The American Jewish Citizen I Aspire To Be

by Rabbi Ron Symons

There are certain verses that were placed as foundation stones of the Jew I aspire to be.  Growing up in Temple Emanu-el of Lynbrook, NY, under the leadership of Rabbi Harold Saperstein z’l, I learned that “You (plural) shall be holy, for I, Adonai your God, am holy” (Leviticus 19) serves as the foundation for the sacred community in which I grew up and towards which I lovingly labor to build on a daily basis with hundreds of members of our community. My professors at the Hebrew Union College – Jewish Institute of Religion in Jerusalem and New York taught me that Rabbi Tarfon’s admonition “You don’t have to finish the work, but neither can you turn away from it” (Pirke Avot) would serve as a rabbinic mantra for my lifelong study, pastoral work and social justice advocacy. No matter where my desk has been throughout the years, I have always hung over my desk a calligraphic piece of art that my wife Barbara had commissioned by a friend.  It is another quote from Pirke Avot, this time from Rabbi Chananya, “When two sit together and words of Torah pass between them, the Shechinah (Divine Indwelling Presence) rests upon them.” All of these verses guide me in my aspirations to be the Jew I am yet to be.

There are certain verses that were placed as foundation stones of the American Citizen I aspire to be. Thomas Jefferson declared in 1776, “We hold these truths to be self-evident, that all men are created equal, that they are endowed by their Creator with certain unalienable Rights, that among these are Life, Liberty and the pursuit of Happiness.” In 1789, our political leaders constituted, “We the People of the United States, in order to form a more perfect Union, establish Justice, insure domestic tranquility, provide for the common defense, promote the general Welfare, and secure the blessings of liberty to ourselves and our posterity, do ordain and establish this Constitution for the United States of America.” It was in that same year that they affirmed our basic rights beginning with, “Congress shall make no law respecting an establishment of religion, or prohibiting the free exercise thereof; or abridging the freedom of speech, or of the press; or the right of the people peaceably to assemble, and to petition the government for a redress of grievances.” All of these verses guide me in my aspirations to be the American Citizen I am yet to be.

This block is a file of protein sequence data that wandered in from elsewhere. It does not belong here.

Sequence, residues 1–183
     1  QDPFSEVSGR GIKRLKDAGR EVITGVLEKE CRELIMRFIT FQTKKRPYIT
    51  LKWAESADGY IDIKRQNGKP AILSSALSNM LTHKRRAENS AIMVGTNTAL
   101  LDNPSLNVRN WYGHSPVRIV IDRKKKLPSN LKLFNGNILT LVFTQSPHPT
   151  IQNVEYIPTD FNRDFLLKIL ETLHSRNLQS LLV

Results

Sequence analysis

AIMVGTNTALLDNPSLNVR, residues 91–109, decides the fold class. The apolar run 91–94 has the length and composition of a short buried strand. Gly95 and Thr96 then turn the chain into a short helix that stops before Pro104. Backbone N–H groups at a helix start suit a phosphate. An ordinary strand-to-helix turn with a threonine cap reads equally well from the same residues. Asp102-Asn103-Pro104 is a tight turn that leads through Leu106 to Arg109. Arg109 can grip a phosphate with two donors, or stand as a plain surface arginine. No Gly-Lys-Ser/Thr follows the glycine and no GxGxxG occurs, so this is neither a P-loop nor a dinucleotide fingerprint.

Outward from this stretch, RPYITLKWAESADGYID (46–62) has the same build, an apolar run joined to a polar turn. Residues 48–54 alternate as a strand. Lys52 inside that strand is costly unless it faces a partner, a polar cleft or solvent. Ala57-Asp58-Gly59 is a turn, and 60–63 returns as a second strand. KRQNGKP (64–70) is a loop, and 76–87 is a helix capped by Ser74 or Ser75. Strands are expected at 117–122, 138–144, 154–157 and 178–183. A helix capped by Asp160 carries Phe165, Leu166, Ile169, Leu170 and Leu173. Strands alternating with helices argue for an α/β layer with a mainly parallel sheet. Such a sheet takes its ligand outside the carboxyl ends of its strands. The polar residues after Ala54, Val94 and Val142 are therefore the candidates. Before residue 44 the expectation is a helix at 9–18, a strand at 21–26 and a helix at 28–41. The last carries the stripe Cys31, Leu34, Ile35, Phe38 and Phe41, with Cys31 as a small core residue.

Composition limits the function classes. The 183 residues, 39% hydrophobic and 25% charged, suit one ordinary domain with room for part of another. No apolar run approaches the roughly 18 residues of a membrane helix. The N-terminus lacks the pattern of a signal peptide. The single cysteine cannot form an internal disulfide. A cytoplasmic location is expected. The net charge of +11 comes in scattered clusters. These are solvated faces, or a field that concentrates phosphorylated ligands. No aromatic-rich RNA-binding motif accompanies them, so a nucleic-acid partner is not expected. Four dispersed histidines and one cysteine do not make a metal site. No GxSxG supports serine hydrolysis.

I am quite resolute about these two foundations. This is what I know. We are commanded to strive to build a sacred community understanding that we might not finish the work and that God dwells between us when we speak sacred words. All of us across the religious and racial spectrum (as we have come to better understand than did our founding fathers) are created in the image of God in order to build a more perfect Union without any one religion becoming the established religion of our country. I read in these six verses three themes: we are all in this together, we aspire to transform the world, and, the plurality of our religious experience invites God to dwell among us.

This is the hallmark of the Prophetic mandate to repair the world according to the sacred values of the People of Israel as expressed throughout the course of world history. While it is not a partisan mandate, it is a mandate to apply Jewish wisdom in the American public square without mandating a state religion.  Those who argue, “Others do that in their fundamentalism, that’s not what Jews do” are missing the mark. Those who argue, “Let’s just apply them in the Jewish community and not in the world at large” fail to understand that the hole underneath the seat of my neighbor’s chair on our boat impacts me as much as it does her. When our society fails one of its members, all of us fail by losing the potential good that person could have done by being a leader in this generation or the next. Quite simply put, the teen I do not know who fails out of high school could have been the doctor who will cure cancer during my generation’s later years….

To read more about how Rabbi Symons, Temple Sinai, and others live out this mandate, read the rest of this post on Temple Sinai’s blog.

Rabbi Ron Symons serves as the Director of The Tikkun Olam Center for Jewish Social Justice at Temple Sinai and as the President of the Gamaliel National Clergy Caucus. He  proudly partners with other people of faith, passion and justice in the organizations mentioned above.